Israeli Prime Minister Benjamin Netanyahu, left, and President Obama, May 20, 2011. (AP Photo/Charles Dharapak)
It’s no surprise that the latest round of talks between Iran and the P5+1 ended with no deal. That much was predicted by all, especially since Iran is getting ready for what promises to be a contentious and controversial presidential election in June. But it’s instructive to contrast the reactions from American officials and Israeli officials to the lack of a breakthrough in Almaty, Kazakhstan, where the talks took place on Friday and Saturday.
Listen first to an American official, speaking on background to The New York Times:
There may not have been a breakthrough, but there also was not a breakdown.
Then, listen to an Israeli official, Yuval Steinitz, the minister of strategic affairs:
This failure was predictable. Israel has already warned that the Iranians are exploiting the talks in order to play for time while making additional progress in enriching uranium for an atomic bomb.… The time has come for the world to take a more assertive stand and make it unequivocally clear to the Iranians that the negotiations games have run their course.
Speaking to The Wall Street Journal on the occasion of Secretary of State John Kerry’s arrival in Israel, Steinitz was even more, well, hysterical, demanding threats and short deadlines:
Israel has already warned that the Iranians are exploiting the talks in order to play for time while making additional progress in enriching uranium for an atomic bomb. Israel believes that without a significant and tangible threat, including a short timetable, it is clear that achieving the dismantling of the nuclear project will not be possible.
But Kerry, and the Obama administration, are having none of that. Said Kerry, in Istanbul on his way to Israel, according to the Journal:
There was somewhat of a gap that remains, obviously, as a consequence of the discussions that they had in Almaty. But the door is still open to doing that, and yes, indeed, it is important to continue to talk and to try to find the common ground.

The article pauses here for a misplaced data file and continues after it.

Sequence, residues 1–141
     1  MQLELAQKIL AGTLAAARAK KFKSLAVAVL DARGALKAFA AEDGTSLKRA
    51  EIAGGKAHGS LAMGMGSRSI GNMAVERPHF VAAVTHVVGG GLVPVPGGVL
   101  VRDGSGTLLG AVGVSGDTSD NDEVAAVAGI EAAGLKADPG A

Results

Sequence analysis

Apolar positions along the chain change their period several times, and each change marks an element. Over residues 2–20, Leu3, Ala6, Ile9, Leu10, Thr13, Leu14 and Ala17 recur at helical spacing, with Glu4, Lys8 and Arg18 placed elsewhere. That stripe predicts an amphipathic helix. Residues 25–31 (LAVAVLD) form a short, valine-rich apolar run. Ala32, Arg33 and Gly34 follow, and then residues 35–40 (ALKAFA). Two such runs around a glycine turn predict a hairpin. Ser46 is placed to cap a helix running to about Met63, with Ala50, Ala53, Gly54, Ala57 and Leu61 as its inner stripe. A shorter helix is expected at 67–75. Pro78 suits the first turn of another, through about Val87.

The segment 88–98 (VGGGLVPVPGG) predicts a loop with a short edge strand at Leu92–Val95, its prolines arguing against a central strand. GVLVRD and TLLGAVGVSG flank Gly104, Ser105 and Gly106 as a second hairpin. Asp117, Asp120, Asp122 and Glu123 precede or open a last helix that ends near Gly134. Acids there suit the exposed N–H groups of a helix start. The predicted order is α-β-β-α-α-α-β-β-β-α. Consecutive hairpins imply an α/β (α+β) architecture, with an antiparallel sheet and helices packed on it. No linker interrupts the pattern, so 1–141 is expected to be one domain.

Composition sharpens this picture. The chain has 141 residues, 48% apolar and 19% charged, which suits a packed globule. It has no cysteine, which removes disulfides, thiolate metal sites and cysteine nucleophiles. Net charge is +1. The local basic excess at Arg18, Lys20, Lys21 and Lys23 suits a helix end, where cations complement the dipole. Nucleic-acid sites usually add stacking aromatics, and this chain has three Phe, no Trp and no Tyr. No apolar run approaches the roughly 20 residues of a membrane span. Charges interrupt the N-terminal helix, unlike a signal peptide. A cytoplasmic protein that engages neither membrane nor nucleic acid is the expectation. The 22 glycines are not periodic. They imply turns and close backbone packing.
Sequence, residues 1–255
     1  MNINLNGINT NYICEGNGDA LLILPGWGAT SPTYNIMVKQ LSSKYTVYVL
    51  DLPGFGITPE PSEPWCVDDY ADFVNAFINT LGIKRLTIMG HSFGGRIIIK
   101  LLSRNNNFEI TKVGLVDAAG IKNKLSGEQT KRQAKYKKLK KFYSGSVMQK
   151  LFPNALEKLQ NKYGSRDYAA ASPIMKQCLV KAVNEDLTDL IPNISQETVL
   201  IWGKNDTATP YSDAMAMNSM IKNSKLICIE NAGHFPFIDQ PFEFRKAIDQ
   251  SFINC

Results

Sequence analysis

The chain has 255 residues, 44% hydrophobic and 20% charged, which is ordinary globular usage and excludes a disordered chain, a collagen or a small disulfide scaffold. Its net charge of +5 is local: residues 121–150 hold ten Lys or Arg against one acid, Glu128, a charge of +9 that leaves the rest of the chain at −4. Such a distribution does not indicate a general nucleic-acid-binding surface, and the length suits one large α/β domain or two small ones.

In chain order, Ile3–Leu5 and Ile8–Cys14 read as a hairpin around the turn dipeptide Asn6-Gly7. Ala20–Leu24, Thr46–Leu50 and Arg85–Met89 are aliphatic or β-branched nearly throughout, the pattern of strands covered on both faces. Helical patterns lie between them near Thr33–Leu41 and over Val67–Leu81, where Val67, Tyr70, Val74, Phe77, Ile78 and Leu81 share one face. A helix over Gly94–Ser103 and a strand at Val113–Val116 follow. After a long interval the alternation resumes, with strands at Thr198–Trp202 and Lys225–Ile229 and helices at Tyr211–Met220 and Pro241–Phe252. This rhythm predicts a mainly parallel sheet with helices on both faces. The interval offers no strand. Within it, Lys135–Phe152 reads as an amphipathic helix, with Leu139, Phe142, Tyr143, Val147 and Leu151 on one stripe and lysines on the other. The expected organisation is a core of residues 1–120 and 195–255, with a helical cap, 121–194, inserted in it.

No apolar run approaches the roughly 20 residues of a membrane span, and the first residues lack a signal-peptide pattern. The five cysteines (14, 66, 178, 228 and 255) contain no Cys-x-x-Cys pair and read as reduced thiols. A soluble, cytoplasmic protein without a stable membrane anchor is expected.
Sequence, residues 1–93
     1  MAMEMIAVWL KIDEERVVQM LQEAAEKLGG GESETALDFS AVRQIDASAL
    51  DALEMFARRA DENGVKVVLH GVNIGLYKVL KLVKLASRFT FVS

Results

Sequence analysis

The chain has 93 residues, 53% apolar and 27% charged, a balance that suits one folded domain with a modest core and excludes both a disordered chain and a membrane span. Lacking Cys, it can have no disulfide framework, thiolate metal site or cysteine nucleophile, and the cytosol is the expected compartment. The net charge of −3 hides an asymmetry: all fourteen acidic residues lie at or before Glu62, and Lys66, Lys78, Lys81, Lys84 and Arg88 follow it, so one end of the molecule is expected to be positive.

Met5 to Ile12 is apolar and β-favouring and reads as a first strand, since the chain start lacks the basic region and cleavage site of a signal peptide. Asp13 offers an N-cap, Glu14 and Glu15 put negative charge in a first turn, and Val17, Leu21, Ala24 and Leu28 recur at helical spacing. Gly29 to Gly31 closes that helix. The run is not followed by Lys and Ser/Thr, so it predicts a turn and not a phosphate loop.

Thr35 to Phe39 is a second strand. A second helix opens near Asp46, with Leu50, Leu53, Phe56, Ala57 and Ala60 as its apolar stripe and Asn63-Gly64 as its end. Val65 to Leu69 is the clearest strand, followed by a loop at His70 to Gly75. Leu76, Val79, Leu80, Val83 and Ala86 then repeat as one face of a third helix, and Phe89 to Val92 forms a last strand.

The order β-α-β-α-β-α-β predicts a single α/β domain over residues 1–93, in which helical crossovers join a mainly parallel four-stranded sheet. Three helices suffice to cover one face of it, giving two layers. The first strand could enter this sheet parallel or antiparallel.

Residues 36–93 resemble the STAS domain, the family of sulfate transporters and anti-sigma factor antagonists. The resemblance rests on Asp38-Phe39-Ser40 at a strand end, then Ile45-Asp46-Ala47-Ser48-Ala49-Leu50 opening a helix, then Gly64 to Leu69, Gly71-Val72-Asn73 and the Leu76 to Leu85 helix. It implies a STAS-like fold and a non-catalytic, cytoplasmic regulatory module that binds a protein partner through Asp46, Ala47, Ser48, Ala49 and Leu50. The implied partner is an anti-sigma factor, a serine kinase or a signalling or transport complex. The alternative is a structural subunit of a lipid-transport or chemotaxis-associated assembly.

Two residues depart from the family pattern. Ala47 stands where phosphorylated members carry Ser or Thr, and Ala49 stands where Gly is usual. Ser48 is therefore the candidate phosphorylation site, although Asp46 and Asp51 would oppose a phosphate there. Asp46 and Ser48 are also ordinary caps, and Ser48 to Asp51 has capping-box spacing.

In other words, calm down, Yuval.
Catherine Ashton, the European negotiator who leads the P5+1, wasn’t happy that the talks ended without an accord and without an agreement to continue on a specific timetable, but she didn’t see the talks as worthless. According to the Associated Press:
Western negotiators noted an improved atmosphere from previous sessions, with Ashton speaking of “a real back and forth between us when were able to discuss details, to pose questions, and to get answers directly.”
She described the better negotiating climate as a “very important element.”
No reason, in other words, to accept Israel’s view that the West needs to set some arbitrary deadline for military action. Indeed, there is absolutely no chance that the United States will choose to use the infamous military option that is always “on the table,” since war with Iran would have incalculable and catastrophic consequences. In fact, Israel is more and more isolated, and its demand for military action is sounding ever more shrill. By now, the Israelis have figured out that the United States and the West aren't going to attack Iran over a nonexistent bomb, and despite their bluster Israel doesn’t have the capacity to go it alone.
Meanwhile, both China and Russia have clearly stated that the P5+1 must recognize Iran’s right to enrich uranium, and the more they repeat that view the more the United States and its Western allies will have to move overtly in that direction as part of a deal. So far, Washington has resisted a forthright declaration that Iran has the right to enrich, though it’s increasingly recognized in Washington that no resolution to the standoff is possible without including that in a final package.
Inside Iran, candidates for president and their allies, inside and outside Iran’s parliament, are competing with each other to defend Iran’s nuclear program and its right to enrich, and they’re lining up to blame the United States and the West for refusing to accept the idea. For that reason alone, it’s inconceivable that Iran would capitulate to the United States, especially because doing so would make it appear as if strict economic sanctions against Iran forced its leaders to give in.
If the Iranian election goes smoothly, far from certain after the chaos that followed the 2009 reelection of Mahmoud Ahmadinejad, it’s possible that Ayatollah Ali Khamenei will be ready for a deal in the fall. As I’ve written often, for President Obama it will be easier to make a deal then, too, since the president he’ll be dealing with won’t be named Ahmadinejad, whose bombast has made him politically radioactive in American politics.
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